‘One in four NHS staff more likely to quit than a year ago’

A new survey of healthcare workers shows a quarter are more likely to leave the NHS after the pressures they have faced this year.

a care worker bandaging an elderly man's arm


Up to a quarter of healthcare workers say they are more likely to leave the NHS due to a year of unprecedented pressure, according to a new survey.

The survey of 1,000 healthcare workers by IPPR/YouGov accompanies an IPPR report, ‘Recover, Reward, Renew’, finds just under half of staff have worked an under-staffed shift once a week or more, and nearly half say they have been unable to provide the level of patient care they would like to due to constraints beyond their control.

Two thirds report being mentally exhausted on at least a weekly basis. A quarter report using alcohol and/or drugs to deal with stress weekly or more often. And five per cent of workers report thinking about suicide or self-harm once a week or more.

Workers from minority ethnic backgrounds were twice as likely to report experiencing discrimination or unfair treatment from managers or colleagues (31 per cent) compared to staff from white ethnic backgrounds (16 per cent).

Almost nine in 10 workers identify slow or delayed government policy during the pandemic – such as late lockdowns – as an important contributor to the country’s Covid-19 outcomes. Eight in 10 identify the fact the NHS was under-resourced at the start of the pandemic as important.

Dr Parth Patel, IPPR research fellow and NHS doctor, said: “The last 12 months have stretched an already very thin workforce to breaking point. Many are exhausted, frustrated and in need of better support. If the government does not do right by them now, more may leave their jobs.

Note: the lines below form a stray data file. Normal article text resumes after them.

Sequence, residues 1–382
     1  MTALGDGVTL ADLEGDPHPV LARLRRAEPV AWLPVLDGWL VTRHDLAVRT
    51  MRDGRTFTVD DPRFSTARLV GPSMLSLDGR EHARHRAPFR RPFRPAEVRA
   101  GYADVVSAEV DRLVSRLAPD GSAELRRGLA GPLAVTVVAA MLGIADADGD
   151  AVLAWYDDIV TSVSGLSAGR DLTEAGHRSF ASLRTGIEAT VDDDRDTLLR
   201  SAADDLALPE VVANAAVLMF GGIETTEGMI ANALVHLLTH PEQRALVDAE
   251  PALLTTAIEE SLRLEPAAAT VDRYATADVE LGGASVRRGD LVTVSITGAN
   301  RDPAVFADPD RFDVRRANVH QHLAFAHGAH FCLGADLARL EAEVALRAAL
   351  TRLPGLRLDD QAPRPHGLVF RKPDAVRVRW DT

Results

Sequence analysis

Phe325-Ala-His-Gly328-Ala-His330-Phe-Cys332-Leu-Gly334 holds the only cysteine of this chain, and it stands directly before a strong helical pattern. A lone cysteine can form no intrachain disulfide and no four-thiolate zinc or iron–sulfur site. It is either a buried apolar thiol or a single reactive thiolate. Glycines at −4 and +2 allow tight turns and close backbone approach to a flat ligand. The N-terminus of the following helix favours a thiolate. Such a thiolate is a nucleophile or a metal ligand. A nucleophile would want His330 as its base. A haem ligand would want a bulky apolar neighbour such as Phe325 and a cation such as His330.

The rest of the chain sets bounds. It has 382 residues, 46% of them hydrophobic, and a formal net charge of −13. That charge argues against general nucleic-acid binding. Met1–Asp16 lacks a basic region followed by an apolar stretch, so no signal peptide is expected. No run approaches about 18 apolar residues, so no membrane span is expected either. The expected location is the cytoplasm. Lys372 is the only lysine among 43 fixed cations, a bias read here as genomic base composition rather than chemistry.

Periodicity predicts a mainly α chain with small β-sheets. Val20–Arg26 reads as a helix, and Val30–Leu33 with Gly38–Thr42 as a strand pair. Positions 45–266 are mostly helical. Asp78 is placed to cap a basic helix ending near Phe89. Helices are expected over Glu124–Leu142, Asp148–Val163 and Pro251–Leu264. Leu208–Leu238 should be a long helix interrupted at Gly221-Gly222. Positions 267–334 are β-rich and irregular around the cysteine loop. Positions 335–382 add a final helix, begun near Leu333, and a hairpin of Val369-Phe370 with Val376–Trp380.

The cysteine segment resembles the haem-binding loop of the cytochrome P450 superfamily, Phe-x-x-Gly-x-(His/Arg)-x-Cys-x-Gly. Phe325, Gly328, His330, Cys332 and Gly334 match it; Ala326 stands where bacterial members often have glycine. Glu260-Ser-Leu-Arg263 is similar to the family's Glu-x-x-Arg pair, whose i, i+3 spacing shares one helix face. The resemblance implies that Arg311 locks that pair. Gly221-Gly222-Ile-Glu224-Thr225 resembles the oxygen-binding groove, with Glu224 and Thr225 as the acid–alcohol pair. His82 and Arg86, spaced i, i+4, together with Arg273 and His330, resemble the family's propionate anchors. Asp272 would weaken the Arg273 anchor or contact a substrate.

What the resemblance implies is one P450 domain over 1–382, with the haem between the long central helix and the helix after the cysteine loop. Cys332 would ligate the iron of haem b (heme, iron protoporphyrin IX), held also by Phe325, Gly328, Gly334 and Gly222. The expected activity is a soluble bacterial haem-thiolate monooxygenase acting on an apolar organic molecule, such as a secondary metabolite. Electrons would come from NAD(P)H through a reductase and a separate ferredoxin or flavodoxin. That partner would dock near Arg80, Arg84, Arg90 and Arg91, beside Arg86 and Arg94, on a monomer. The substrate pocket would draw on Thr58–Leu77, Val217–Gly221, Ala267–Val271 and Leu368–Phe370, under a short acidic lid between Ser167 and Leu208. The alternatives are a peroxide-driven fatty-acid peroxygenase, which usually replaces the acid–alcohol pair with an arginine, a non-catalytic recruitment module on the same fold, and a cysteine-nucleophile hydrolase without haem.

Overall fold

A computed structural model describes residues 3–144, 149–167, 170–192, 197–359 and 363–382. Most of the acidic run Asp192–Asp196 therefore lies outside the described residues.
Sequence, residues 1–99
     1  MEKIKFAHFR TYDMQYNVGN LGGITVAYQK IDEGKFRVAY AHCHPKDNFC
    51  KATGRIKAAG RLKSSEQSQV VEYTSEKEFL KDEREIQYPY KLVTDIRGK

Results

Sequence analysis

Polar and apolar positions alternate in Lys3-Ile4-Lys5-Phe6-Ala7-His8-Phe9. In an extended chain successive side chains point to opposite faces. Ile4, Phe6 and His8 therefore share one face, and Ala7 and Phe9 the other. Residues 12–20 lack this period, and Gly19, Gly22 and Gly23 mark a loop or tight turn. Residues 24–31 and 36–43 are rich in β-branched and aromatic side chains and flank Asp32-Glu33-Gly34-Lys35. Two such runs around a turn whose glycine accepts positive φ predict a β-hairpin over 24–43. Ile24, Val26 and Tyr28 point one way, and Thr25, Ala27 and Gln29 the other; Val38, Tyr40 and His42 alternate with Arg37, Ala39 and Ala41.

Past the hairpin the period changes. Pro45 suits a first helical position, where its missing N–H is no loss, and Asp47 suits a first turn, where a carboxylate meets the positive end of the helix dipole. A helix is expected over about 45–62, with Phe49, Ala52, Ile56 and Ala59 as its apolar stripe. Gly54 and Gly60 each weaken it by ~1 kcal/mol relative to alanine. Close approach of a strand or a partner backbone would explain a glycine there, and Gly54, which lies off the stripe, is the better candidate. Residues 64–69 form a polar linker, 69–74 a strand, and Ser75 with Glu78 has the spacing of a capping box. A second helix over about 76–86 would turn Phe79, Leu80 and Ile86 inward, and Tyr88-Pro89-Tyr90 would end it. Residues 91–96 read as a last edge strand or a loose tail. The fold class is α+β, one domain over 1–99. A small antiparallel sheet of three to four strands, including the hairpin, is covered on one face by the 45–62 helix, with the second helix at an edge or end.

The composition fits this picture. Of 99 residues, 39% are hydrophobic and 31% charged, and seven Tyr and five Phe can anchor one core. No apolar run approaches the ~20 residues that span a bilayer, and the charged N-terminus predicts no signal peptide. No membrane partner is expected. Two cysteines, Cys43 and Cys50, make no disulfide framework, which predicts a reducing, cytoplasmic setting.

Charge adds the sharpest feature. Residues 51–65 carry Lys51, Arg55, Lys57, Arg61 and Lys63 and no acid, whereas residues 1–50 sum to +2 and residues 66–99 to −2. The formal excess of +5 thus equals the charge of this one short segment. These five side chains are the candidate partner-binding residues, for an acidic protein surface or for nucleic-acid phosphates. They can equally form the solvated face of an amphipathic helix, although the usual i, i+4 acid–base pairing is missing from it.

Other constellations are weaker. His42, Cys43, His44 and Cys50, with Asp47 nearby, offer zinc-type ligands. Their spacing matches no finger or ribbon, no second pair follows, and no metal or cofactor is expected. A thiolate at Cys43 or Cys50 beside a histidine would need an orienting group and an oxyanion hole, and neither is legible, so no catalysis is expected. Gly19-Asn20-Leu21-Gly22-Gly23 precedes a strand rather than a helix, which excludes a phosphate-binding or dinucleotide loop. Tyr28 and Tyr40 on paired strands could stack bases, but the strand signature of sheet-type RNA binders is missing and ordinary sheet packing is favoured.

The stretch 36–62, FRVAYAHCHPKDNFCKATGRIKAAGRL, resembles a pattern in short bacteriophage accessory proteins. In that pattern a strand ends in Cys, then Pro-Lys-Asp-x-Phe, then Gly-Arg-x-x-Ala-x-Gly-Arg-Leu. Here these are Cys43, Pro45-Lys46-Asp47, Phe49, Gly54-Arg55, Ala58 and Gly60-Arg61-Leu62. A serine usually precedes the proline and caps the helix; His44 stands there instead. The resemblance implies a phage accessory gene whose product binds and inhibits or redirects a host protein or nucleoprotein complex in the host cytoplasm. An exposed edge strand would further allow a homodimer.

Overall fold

“This should ring alarm bells for a government that came into power pledging big increases in nursing numbers. It would have significant consequences for patient safety and quality of care. The backlog of care is long and the pandemics’ disruptions will be felt for years to come. The hard road to renewal in health relies, first and foremost, on a new deal for NHS workers.”

The IPPR is calling for ‘a new deal’ for healthcare workers based on recovery, reward and renewal.  Chris Thomas, IPPR senior research fellow, said: “A new deal for the workforce means a right to flexible working, a five-year guarantee for untaken annual leave and compensation when leave requests are rejected. It means a fair pay award, to help retain workers and to boost the economy. And it means more career progression and tougher action to end discrimination.

“Bad policy during the pandemic and during the austerity decade created our workforce crisis. Good policy can get us out of the crisis now. If that’s not forthcoming, the government risks a deadly exodus of healthcare workers in the years to come.”

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